In another 24-page document marked “Jamie Slone-Pay Stubs Kyle Oliver (Son)-Pay Stubs” are statements with photocopied checks alleging that Slone, who left Conn’s firm in June of 2011, approved for herself both overtime pay and several pay raises, as well as paying what the documents calls “extravagant and unrealistic” amounts to her son, Kyle Oliver, who, according to the documents, worked as a bookkeeper at the firm.

According to the documents, in about a four-month span between May 29, 2011 to Nov. 6, 2011, Slone approved a roughly $15,000 annual increase to her salary as reflected in accounting statements provided in the documents. The document alleges Slone herself approved these raises and that only the first raise from $25 an hour to $29 an hour was approved by Conn himself.

There are also photocopies of accounting statements that show pay raises and approved overtime for Oliver. These statements show Oliver being initially employed at $8 an hour and then, following the first pay period beginning on June 25, was raised in pay to $12 an hour. The accounting statements also reflect that by the next pay period, beginning on July 2, Oliver’s pay was increased to $13 an hour.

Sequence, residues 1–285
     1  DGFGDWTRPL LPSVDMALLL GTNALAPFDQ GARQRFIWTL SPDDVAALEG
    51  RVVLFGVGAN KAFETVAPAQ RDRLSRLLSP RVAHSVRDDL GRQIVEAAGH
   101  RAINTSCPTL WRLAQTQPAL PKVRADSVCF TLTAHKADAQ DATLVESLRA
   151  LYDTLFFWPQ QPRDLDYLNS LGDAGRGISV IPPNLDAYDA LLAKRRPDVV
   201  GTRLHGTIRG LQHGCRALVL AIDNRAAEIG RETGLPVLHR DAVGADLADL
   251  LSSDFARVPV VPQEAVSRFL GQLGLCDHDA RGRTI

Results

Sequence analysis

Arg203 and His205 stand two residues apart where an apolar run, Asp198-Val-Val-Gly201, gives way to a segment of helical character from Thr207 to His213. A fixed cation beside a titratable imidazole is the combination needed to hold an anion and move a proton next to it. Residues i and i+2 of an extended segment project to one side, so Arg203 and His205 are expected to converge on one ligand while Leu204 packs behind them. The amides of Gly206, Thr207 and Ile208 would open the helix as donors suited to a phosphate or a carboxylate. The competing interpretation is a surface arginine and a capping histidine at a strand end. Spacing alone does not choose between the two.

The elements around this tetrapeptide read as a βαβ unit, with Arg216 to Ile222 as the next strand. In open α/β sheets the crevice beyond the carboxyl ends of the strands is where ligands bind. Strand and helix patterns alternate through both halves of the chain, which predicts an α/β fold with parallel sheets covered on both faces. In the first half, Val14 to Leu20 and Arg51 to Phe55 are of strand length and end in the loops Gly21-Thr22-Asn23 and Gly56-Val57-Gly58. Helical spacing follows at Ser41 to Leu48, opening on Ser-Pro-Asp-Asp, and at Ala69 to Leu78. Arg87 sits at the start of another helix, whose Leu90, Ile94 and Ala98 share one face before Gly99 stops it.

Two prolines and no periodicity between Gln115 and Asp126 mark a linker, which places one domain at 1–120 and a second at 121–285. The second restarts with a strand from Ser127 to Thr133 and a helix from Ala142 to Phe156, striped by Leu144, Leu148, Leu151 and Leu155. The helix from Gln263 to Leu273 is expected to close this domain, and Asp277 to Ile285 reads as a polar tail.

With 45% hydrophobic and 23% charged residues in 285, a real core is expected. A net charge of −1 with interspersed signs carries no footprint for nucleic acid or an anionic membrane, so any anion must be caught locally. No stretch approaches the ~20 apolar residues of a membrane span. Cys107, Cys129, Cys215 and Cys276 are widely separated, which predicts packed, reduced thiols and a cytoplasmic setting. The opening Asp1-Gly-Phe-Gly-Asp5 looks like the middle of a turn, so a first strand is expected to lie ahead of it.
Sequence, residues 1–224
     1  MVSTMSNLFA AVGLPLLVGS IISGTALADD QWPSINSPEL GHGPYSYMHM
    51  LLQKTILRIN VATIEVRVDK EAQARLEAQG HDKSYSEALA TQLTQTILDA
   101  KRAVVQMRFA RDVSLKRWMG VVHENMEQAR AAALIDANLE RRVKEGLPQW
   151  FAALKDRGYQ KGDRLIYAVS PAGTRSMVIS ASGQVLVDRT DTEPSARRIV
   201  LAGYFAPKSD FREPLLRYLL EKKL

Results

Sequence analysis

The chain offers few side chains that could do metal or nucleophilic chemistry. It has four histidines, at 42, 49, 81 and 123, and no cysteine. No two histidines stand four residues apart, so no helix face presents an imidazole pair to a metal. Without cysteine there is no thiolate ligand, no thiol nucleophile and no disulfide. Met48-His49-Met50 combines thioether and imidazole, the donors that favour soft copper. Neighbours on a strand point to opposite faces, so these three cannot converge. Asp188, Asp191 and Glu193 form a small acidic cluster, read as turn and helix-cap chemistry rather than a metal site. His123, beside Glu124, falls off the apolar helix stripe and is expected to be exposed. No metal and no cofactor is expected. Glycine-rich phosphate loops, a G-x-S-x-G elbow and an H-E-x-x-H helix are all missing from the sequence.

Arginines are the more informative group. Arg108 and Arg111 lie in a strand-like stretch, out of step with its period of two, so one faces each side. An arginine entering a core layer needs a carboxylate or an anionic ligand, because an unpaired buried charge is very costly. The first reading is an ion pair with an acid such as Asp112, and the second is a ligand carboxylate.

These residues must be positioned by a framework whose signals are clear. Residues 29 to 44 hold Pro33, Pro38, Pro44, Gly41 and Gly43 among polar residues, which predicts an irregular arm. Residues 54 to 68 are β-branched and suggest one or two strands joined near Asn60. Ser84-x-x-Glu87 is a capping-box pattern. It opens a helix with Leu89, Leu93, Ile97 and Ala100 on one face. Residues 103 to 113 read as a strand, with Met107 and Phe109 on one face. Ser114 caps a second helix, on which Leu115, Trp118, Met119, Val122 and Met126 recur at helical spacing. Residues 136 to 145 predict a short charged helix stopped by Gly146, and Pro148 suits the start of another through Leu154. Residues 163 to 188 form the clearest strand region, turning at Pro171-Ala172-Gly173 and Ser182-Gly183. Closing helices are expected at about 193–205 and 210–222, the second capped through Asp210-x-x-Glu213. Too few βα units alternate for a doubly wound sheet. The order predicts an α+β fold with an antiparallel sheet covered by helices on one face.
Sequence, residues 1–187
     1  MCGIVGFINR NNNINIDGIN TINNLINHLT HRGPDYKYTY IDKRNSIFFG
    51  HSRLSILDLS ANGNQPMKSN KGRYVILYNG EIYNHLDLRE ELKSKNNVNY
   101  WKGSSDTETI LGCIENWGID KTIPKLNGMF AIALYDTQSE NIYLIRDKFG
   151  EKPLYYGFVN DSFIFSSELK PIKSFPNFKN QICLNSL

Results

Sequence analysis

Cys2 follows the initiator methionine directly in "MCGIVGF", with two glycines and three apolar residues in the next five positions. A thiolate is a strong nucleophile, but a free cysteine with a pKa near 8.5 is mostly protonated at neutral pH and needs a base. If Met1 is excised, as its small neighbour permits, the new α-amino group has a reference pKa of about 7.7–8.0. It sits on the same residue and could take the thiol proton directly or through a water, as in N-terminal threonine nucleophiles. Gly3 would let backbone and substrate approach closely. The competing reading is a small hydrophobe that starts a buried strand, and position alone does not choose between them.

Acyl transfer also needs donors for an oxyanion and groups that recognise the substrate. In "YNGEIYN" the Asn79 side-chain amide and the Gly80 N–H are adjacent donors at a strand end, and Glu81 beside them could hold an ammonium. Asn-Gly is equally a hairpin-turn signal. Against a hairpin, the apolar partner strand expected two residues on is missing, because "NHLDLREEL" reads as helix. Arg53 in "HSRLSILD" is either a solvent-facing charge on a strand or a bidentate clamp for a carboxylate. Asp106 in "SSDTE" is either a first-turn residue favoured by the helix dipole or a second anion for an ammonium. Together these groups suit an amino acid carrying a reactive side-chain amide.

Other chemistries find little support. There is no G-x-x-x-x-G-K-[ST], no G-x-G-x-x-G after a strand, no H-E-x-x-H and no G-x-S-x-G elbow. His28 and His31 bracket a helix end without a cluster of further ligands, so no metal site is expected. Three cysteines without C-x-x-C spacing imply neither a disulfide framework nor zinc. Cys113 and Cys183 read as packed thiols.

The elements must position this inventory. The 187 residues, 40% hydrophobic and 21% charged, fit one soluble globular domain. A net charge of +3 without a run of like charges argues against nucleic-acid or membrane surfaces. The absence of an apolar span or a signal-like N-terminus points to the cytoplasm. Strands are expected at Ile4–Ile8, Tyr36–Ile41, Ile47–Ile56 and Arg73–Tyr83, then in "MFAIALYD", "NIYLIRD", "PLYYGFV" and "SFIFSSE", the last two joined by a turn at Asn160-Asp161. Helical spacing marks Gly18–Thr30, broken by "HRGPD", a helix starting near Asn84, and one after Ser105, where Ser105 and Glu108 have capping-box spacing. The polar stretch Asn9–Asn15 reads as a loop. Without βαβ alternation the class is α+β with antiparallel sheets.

The documents maintain that Conn didn’t approve these changes in Oliver’s pay, alleging this, as with Slone’s own pay increases, was done by Slone herself.

“Since she (Slone) was responsible for reviewing time cards and giving them to the CPA, she could show any amounts for hours and rates of pay,” the document alleges. “When she left on March 15, 2012, there were no time cards to show how many hours was (sic) worked by the employees. She paid herself enormous amount (sic) of overtime and could raise her pay as she wanted.”

A third document obtained by The Times is a copy of a sworn and notarized affidavit dated Oct. 14, 2013, from Misty Martin Long, which the document says is the sister of Melinda Martin. In the affidavit, Long alleges that when she took the position of office manager at Conn’s law firm immediately following the time Slone spent in the same position.